Giannis Antetokounmpo is a Greek-American basketball player for the Milwaukee Bucks. He was drafted in 2013 by the Bucks with the 15th pick in the draft. On June 20, 2016, he signed a 4 year $100 million contract extension that would have made him one of the highest paid players in NBA history. Michael Jordan had come to Milwaukee within days before Giannis’s contract signing and offered him a 5 year $150 million deal, which would have made Giannis the highest paid player in NBA history. The offer was turned down by Antetokounmpo who said he wanted to stay loyal to his team and city. One day later, Jordan changed his mind and accepted the offer from Milwaukee. They won their first championship that same season after beating LeBron James’ Cleveland Cavaliers in 6 games.

Michael Jordan was a hero to Giannis Antetokounmpo. The NBA legend came within days of changing the Bucks’ future and costing them their long-awaited NBA championship. Read more in detail here: giannis antetokounmpo college.

In 2013, fourteen NBA clubs passed on Giannis Antetokounmpo, including Michael Jordan’s Charlotte Hornets (then known as the Bobcats). The Milwaukee Bucks made a good selection at No. 15 and have just won their first league championship in 50 years.

Jordan reappears in the narrative at this point. He didn’t like Antetokounmpo with Charlotte’s fourth-round selection, but would he have taken the Greek Freak at No. 15 in 2013 for Milwaukee?

It’s an intriguing “what if” because of a long-forgotten incident.

In 2006, Michael Jordan purchased the Charlotte Bobcats.

In 2003, Michael Jordan attempted to purchase the Milwaukee Bucks and came close to completing the transaction. If the transaction had gone through, would Giannis Antetokounmpo be working for him today? | Photo credit: Getty Images

After the 2002-03 season with the Washington Wizards, Jordan announced his retirement for the second time. He bought a minority interest in the Charlotte Bobcats, an expansion club formed when the Charlotte Hornets relocated to New Orleans, in 2006. Jordan was given control of the basketball operations by majority owner Robert L. Johnson as part of the deal.

In February 2010, Johnson sold his remaining share to a Jordan-led consortium. The Bobcats finished the season in the NBA playoffs, but the results subsequently haven’t been great. They reached rock bottom two years later, going 7-59 in a strike-shortened season, and have only won two games since then.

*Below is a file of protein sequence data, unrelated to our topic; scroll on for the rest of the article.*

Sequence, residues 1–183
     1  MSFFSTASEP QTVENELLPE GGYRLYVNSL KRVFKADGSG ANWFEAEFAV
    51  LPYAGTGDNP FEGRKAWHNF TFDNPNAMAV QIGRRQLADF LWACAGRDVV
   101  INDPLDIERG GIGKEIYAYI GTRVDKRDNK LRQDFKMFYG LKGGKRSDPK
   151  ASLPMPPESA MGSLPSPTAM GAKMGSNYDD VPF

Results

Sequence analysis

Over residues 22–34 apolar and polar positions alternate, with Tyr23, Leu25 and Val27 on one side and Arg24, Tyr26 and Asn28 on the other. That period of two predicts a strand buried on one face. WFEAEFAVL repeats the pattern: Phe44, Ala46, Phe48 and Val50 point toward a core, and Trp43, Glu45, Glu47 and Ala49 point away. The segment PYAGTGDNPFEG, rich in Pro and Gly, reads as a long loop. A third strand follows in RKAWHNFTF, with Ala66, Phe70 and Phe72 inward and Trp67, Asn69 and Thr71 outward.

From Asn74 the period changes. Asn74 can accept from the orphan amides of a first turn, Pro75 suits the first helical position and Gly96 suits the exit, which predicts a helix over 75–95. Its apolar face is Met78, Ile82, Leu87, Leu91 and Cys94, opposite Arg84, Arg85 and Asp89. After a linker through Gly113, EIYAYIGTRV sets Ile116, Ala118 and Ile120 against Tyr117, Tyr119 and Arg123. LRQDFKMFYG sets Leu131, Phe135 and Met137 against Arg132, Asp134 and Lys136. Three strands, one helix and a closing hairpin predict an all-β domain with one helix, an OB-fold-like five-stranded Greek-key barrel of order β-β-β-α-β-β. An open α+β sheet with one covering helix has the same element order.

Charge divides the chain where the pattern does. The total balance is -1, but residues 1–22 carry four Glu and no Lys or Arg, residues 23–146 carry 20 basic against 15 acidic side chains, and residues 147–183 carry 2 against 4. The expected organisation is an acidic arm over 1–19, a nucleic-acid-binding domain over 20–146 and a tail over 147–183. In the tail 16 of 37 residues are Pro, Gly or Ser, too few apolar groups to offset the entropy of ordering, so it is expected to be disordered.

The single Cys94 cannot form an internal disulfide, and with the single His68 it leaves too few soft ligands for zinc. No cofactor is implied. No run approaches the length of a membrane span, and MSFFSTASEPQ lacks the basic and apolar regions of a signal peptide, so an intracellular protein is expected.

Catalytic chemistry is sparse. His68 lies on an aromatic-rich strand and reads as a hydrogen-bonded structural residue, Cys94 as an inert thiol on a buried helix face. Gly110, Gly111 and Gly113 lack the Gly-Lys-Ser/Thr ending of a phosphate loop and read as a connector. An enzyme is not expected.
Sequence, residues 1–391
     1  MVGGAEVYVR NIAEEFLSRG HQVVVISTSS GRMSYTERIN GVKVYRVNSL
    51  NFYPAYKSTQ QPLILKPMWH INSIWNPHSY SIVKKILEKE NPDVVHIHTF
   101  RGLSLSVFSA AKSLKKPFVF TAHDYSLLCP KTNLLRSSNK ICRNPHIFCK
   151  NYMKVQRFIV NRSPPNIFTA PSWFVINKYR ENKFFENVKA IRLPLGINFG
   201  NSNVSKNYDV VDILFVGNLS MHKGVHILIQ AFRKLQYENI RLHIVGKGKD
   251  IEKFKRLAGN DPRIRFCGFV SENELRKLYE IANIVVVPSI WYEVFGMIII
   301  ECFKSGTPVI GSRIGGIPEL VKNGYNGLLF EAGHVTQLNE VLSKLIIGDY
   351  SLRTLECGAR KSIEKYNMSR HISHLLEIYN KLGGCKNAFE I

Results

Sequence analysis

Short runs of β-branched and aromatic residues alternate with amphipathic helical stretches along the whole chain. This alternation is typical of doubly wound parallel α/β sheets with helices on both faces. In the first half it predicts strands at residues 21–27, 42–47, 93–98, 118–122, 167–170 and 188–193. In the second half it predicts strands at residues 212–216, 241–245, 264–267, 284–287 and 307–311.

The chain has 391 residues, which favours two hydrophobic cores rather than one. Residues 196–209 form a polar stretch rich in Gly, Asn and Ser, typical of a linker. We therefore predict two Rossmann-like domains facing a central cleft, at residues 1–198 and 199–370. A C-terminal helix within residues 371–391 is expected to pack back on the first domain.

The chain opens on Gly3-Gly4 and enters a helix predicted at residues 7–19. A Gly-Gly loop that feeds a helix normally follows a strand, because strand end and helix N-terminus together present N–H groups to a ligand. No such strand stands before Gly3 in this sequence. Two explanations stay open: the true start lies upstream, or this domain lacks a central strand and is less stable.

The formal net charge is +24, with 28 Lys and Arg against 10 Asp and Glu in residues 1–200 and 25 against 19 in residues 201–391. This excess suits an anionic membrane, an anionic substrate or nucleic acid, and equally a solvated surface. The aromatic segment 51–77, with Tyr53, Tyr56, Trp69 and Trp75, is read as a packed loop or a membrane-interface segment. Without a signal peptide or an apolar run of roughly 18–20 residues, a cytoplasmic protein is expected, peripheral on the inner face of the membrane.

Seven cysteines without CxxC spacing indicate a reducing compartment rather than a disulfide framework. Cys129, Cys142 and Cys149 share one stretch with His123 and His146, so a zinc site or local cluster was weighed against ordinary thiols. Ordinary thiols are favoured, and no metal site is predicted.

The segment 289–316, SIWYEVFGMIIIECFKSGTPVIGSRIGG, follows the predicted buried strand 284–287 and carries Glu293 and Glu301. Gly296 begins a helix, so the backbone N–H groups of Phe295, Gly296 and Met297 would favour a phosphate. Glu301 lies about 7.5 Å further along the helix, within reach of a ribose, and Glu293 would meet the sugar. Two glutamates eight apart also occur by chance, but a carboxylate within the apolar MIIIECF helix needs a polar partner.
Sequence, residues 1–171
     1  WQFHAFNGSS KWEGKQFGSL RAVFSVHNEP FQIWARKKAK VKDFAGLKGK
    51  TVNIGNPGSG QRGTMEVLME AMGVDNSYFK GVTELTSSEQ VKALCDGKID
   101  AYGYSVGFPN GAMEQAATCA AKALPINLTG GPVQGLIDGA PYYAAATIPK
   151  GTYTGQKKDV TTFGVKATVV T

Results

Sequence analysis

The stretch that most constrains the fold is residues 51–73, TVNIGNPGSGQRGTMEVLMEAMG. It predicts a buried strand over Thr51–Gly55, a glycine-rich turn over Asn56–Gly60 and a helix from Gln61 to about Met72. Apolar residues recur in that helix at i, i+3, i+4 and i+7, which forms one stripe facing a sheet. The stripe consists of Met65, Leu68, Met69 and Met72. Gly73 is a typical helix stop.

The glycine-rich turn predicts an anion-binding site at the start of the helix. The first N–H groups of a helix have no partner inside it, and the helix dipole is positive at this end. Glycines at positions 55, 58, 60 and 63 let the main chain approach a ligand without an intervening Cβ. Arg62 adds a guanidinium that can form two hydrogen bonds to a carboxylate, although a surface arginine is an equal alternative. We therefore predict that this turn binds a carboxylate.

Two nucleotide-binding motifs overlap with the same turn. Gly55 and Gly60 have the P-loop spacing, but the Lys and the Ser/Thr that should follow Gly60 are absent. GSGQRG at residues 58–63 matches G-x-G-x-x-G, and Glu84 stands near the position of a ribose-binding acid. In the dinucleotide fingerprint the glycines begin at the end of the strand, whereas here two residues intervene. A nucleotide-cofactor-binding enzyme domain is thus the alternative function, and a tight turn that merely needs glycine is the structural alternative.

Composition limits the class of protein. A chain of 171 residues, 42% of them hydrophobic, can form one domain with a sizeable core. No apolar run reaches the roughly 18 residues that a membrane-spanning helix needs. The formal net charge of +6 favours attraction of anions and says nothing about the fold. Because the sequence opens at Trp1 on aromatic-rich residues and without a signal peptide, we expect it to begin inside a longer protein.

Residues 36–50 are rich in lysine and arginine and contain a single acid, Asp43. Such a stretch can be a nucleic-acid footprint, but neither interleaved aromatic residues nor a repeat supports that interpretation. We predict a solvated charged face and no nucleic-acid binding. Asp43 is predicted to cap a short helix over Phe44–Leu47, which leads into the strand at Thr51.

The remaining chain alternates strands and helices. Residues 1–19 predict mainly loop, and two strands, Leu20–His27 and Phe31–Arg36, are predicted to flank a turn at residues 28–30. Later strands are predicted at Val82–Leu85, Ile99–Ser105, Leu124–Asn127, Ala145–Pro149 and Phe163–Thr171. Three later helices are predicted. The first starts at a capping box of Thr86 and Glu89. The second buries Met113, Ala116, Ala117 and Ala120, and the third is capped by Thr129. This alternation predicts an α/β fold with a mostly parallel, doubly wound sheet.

In 2014, Charlotte returned to its old Hornets mascot when the New Orleans team changed its name to the Pelicans. Although Jordan remains the team’s primary owner, there are a few intriguing what-if possibilities to ponder, one of which involves Antetokounmpo’s destiny.

MJ’s effort to purchase a franchise in Charlotte wasn’t his first. BM8

The first Charlotte Bobcats franchise was granted to George Shinn by the NBA for the 1988-89 season, and the area welcomed the club. Shinn, on the other hand, was in serious personal and financial problems by the time he was a little more than a decade old, and the public was turning against him. Jordan came close to purchasing 49 percent of the club in 1999 after then-commissioner David Stern urged Shinn to surrender ownership. According to the Orlando Sentinel, this fell through because Shinn wanted to maintain control of the operations.

The original Hornets would almost likely never have left town if Jordan, a North Carolina native who surrendered his tiny share in the Wizards to continue his playing career, had acquired ownership.

Jordan’s second attempt to purchase a club occurred in 2003, when Herb Kohl placed the Bucks on the market. Kohl bought the club for $18 million in 1985 and looked to be close to selling it to a group Jordan had put together after his departure from the Wizards. The parties struck a preliminary deal in June, according to ESPN, and Jordan could potentially oversee the draft room while Kohl sought league permission to finalize the transaction.

Unfortunately for Jordan, Kohl chose to keep the club after feeling skepticism from potential local investors about the $170 million asking price. In April 2014, Kohl sold the bulk of his stock to hedge fund managers Wes Edens and Marc Lasry.

What would have happened if Michael Jordan had purchased the Milwaukee Bucks?

During the Milwaukee Bucks’ victory parade and rally, Giannis Antetokounmpo holds the Larry O’Brien Trophy. | Getty Images/Patrick McDermott

Jordan has a poor track record when it comes to draft selections. In reality, one of his few correct picks was Kemba Walker in 2011, but PJ Washington (2019) and LaMelo Ball (2020) seem to be promising.

With that in mind, let’s return to the 2013 NBA Draft. Jordan selected Cody Zeller of Indiana with the fourth overall selection. Would Jordan have had the foresight to get Antetokounmpo at No. 15 with Zeller and a slew of other probable selections already off the board?

Would he have had the insight to deal Brandon Jennings to the Detroit Pistons for Khris Middleton, who had a lackluster rookie season, that same summer?

All evidence indicates that the answer is no, based on the manner he has led the Hornets. Bucks supporters should be grateful that Kohl backed out of the Jordan agreement when he did, because they would still be searching for their second NBA title.

Basketball Reference provided all stats. 

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